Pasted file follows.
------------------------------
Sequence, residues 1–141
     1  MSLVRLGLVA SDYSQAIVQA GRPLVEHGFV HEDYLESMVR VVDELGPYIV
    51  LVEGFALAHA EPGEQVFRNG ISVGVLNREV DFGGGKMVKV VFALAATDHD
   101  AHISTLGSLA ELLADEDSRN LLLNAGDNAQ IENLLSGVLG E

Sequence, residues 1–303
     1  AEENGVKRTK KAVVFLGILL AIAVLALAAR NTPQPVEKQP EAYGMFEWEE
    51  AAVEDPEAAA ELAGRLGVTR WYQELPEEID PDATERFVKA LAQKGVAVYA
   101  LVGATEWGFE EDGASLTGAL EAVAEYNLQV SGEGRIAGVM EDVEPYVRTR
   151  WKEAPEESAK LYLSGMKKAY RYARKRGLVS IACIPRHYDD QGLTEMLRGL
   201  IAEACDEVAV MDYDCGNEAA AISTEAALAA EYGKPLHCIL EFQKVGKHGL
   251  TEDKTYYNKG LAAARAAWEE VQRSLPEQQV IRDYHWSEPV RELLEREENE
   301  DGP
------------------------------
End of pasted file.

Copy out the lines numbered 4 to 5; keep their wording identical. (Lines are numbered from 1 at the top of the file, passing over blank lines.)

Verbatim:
   101  AHISTLGSLA ELLADEDSRN LLLNAGDNAQ IENLLSGVLG E

Sequence, residues 1–303